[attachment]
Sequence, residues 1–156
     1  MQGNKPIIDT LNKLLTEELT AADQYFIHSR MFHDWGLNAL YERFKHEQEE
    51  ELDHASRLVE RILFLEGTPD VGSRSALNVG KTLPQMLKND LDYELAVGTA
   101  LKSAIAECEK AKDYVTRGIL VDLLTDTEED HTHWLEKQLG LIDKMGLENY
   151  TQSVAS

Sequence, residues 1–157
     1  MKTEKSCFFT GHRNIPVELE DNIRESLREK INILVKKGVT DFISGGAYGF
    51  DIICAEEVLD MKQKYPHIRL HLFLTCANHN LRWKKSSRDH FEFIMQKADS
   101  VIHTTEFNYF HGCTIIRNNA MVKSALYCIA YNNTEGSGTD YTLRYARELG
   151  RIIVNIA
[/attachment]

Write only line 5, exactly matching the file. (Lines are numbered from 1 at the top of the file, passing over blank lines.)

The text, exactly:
   151  TQSVAS